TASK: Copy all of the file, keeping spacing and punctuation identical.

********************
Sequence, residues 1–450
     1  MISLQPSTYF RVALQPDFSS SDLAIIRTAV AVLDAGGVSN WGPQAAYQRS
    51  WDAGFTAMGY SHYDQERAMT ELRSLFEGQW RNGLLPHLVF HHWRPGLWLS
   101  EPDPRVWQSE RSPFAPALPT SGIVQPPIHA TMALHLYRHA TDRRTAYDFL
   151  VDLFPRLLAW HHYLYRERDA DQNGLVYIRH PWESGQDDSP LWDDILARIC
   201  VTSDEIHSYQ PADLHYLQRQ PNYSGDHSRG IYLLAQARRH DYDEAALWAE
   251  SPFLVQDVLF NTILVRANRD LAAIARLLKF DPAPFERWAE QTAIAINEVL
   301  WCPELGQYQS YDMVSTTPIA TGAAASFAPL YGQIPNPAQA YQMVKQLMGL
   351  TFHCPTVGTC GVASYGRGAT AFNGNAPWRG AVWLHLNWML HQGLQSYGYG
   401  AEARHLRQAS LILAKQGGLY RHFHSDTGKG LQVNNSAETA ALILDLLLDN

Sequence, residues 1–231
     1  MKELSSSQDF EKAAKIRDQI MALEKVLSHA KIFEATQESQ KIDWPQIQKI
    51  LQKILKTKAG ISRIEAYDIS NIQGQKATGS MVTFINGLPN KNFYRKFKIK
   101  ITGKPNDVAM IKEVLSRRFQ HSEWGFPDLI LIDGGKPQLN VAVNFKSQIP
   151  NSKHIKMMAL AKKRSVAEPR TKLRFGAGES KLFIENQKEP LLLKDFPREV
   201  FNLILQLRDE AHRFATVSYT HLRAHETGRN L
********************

Sequence, residues 1–450
     1  MISLQPSTYF RVALQPDFSS SDLAIIRTAV AVLDAGGVSN WGPQAAYQRS
    51  WDAGFTAMGY SHYDQERAMT ELRSLFEGQW RNGLLPHLVF HHWRPGLWLS
   101  EPDPRVWQSE RSPFAPALPT SGIVQPPIHA TMALHLYRHA TDRRTAYDFL
   151  VDLFPRLLAW HHYLYRERDA DQNGLVYIRH PWESGQDDSP LWDDILARIC
   201  VTSDEIHSYQ PADLHYLQRQ PNYSGDHSRG IYLLAQARRH DYDEAALWAE
   251  SPFLVQDVLF NTILVRANRD LAAIARLLKF DPAPFERWAE QTAIAINEVL
   301  WCPELGQYQS YDMVSTTPIA TGAAASFAPL YGQIPNPAQA YQMVKQLMGL
   351  TFHCPTVGTC GVASYGRGAT AFNGNAPWRG AVWLHLNWML HQGLQSYGYG
   401  AEARHLRQAS LILAKQGGLY RHFHSDTGKG LQVNNSAETA ALILDLLLDN

Sequence, residues 1–231
     1  MKELSSSQDF EKAAKIRDQI MALEKVLSHA KIFEATQESQ KIDWPQIQKI
    51  LQKILKTKAG ISRIEAYDIS NIQGQKATGS MVTFINGLPN KNFYRKFKIK
   101  ITGKPNDVAM IKEVLSRRFQ HSEWGFPDLI LIDGGKPQLN VAVNFKSQIP
   151  NSKHIKMMAL AKKRSVAEPR TKLRFGAGES KLFIENQKEP LLLKDFPREV
   201  FNLILQLRDE AHRFATVSYT HLRAHETGRN L